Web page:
Saeed Ajmal: I was ready to play for Pakistan earlier than that but there just wasn't a place in the side for me. Up until 2003-2004 Saqlain was still part of the team. Then after that Shoaib Malik and Shahid Afridi were the main spinners in the team. So there just wasn't an opportunity for me to play at an earlier time.
PakPassion: When you made your debut for Pakistan, there were many reports out there that Misbah-ul-Haq had a significant role in your selection to the national side. Is that true?
Saeed Ajmal: That is true. I played under Misbah's captaincy in domestic cricket so he knew me. He had asked the board to give me a chance a few times before as well but like I said, there just wasn't a spot in the side for me. So when Misbah became the vice-captain he was able to convince the selectors to give me a chance and get me in the side.
PakPassion: You've played a lot of cricket since making your debut. At this point, what do you think is your greatest moment or the best wicket that you have taken? What is you greatest achievement in international cricket at this point?
Saeed Ajmal: I think that moment came in the 2009 T20 World Cup. It was the wicket of Jacques Kallis in the semi-final. Getting him out at that point was very important because he was in good touch and we knew that if we got Kallis out then we would have won the match. Getting him out at that point was the peak of my happiness. That was the turning point of the match. My performance in that world cup was very good. I did well in the last World Cup as well but there was that shock that came in the semi-final against Australia.
PakPassion: Since you brought it up, let's talk about the shock from that semi-final. If you had to do that over again and had the chance to bowl at Hussey once more in the last over, would you do something different?[/B]
Saeed Ajmal: Since that match I've had the chance to bowl to Hussey in two T20s and he hasn't been able to hit a single boundary off me. If you make a mistake once then you shouldn't repeat it again.
PakPassion: Do you think the results would have been different had you bowled outside the off-stump?
Saeed Ajmal: At that time he was in great touch. He was hitting the ball everywhere so he would have done the same no matter where I bowled to him. There comes a time when you feel almost helpless.
PakPassion: Is there anything that you would like to change about your career so far?
Saeed Ajmal: One thing that I'd like to do is to add more variety to my bowling. With more variation I'll become an even better bowler.
PakPassion: Can you give some information on what sort of variety you are looking to add to your arsenal? Any specific delivery?
Saeed Ajmal: I can't tell you anything about it right now. Once I've gotten it fully under control and bowl it in a match, I'll speak more about it.
PakPassion: So how long will it take before we can see you bowl that delivery?
Saeed Ajmal: Inshallah you'll see me bowling it at the World Cup. I'm really working hard on it right now there still is some work left to be done. Inshallah it'll be done by that time.
PakPassion: Let's talk about the differences in the white and red ball used for Tests and ODIs. In your opinion, which ball is better for an off-spinner?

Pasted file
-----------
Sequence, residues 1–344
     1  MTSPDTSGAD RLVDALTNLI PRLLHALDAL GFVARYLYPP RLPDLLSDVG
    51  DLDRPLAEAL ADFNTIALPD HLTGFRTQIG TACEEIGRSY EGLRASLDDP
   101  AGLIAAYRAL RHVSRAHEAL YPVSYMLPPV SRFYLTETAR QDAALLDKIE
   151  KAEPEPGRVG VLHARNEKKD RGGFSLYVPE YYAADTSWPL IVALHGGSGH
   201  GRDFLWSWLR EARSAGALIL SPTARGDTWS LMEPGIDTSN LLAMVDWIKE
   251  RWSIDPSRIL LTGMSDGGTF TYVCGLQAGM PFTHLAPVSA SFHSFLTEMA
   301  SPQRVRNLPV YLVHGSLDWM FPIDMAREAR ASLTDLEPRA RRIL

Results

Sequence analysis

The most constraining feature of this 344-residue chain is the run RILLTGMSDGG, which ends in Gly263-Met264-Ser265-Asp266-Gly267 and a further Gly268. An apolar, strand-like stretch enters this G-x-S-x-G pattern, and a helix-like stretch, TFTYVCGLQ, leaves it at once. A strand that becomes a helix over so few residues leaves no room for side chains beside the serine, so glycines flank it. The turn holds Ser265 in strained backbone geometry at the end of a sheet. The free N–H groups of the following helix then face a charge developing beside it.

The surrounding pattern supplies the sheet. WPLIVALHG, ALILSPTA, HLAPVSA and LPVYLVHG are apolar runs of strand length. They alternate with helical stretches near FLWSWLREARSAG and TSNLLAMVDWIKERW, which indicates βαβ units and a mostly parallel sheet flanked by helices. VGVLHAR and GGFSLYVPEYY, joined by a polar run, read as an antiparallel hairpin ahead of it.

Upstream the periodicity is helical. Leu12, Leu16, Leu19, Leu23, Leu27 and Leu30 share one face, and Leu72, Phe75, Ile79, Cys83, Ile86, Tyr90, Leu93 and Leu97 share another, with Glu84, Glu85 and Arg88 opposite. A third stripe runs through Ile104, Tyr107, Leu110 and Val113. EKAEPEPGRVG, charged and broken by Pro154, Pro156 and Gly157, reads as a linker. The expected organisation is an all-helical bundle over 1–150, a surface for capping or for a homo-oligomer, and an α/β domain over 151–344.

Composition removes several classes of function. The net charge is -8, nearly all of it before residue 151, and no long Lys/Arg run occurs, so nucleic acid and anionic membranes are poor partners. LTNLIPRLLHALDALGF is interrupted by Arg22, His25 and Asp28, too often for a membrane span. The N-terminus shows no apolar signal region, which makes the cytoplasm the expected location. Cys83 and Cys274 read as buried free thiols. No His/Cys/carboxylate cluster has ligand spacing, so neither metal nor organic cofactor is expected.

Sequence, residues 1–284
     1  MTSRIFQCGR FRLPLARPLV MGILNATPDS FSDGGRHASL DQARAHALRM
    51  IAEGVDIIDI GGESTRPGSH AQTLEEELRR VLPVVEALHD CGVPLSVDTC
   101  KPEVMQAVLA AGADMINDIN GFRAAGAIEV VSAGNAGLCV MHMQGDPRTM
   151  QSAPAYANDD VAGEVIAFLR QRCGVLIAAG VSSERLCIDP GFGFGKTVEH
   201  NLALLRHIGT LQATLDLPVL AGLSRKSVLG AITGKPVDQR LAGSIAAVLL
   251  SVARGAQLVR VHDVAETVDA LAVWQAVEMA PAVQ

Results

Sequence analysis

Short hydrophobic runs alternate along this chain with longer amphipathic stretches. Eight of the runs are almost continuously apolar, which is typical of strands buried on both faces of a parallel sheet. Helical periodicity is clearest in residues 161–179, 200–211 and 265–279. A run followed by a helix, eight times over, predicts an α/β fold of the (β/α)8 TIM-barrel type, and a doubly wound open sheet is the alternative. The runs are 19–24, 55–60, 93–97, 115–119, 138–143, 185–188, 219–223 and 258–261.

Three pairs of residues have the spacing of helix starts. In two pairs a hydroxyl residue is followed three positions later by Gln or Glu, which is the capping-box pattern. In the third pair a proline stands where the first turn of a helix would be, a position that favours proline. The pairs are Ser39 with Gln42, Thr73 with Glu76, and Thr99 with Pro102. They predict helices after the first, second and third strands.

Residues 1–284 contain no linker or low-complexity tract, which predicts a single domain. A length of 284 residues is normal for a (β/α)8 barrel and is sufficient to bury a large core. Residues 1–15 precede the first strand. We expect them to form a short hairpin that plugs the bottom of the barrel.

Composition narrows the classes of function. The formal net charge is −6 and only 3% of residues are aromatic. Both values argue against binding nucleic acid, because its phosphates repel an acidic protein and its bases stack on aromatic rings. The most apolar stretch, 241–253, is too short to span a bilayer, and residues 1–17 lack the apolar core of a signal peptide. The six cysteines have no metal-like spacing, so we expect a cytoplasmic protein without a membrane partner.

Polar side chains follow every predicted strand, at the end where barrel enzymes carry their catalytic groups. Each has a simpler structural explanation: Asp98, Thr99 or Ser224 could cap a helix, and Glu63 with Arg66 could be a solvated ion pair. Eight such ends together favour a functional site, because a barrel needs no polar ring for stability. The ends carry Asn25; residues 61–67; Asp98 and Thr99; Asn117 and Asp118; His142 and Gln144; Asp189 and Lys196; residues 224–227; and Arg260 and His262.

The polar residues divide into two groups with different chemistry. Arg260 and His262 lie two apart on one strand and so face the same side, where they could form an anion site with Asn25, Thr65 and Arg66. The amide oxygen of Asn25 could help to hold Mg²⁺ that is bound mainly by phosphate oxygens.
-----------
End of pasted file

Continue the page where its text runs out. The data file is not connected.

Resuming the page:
Saeed Ajmal: The red ball gives you a greater chance of turning the ball but you need to be very patient. It requires long spells and your stamina needs to be very good. You need to bowl at a good line and length. Patience is the key when bowling with the red ball because you have a lot of time to set up the batsman. The white ball requires a lot of variation to be successful. The white ball gets harder as the match goes on, so variation is the key.
PakPassion: Saqlain Mushtaq or Muralitharan, who was the better bowler?
Saeed Ajmal: Saqlain Mushtaq is our legend and I'd have to pick him over Muralitharan. Muralitharan is a great bowler, but Saqlain is the one who came up with this variety. People always talk about the doosra and it was Saqlain who introduced us to the doosra in the first place.
PakPassion: During the recent series against England, the doosra was a popular topic amongst the commentators. Bob Willis, one of the commentators, said that no bowler can bowl the doosra with a legal action. How do you respond?
Saeed Ajmal: If no English cricketer can bowl the doosra then does that mean that no other bowler can do it with a legal action? If an English bowler was bowling the doosra then it would be considered a world class delivery. The same things were said about reverse swing. Reverse swing was introduced by Pakistani bowlers, the googly was introduced by Abdul Qadir, and the doosra was introduced by Saqlain Mushtaq. They will never accept it unless an English bowler can bowl it. The English have been playing cricket for more than a 100 years, why can't they come up with such variation? Our country is small but we've been blessed with great talent. We don't have the resources that other countries have but we make up for it with talent and hard work.
PakPassion: Why do you hold the bowl at a cross-seam position when you bowl the doosra?
Saeed Ajmal: I do it sometimes to add more variation and to confuse the batsman. Sometimes I bowl my conventional off-spinner from a cross-seam position as well so the batsman can't tell if I'm bowling the doosra or the off-spin. During the tour of Australia, the Aussie batsmen thought I bowled the doosra with my thumb up so now I don't even point the thump up when I bowl. It just adds to the variation and confusion.
PakPassion: Which captain have you felt the most comfortable with since starting you international career?
Saeed Ajmal: That's a very leading question!
PakPassion: Alright, then we'll leave it at that. Which opposing captain do you think is the best?
Saeed Ajmal: Ricky Ponting. He never accepts losing and he's able to motivate his players to do the same. They'll play just as hard for the last run as they do for the first ball of the match. That all comes down to the captain. That's the difference between us and the Aussies. We start thinking that we've won or lost the match when there are still 10 overs left in the game. That's the mistake that we make.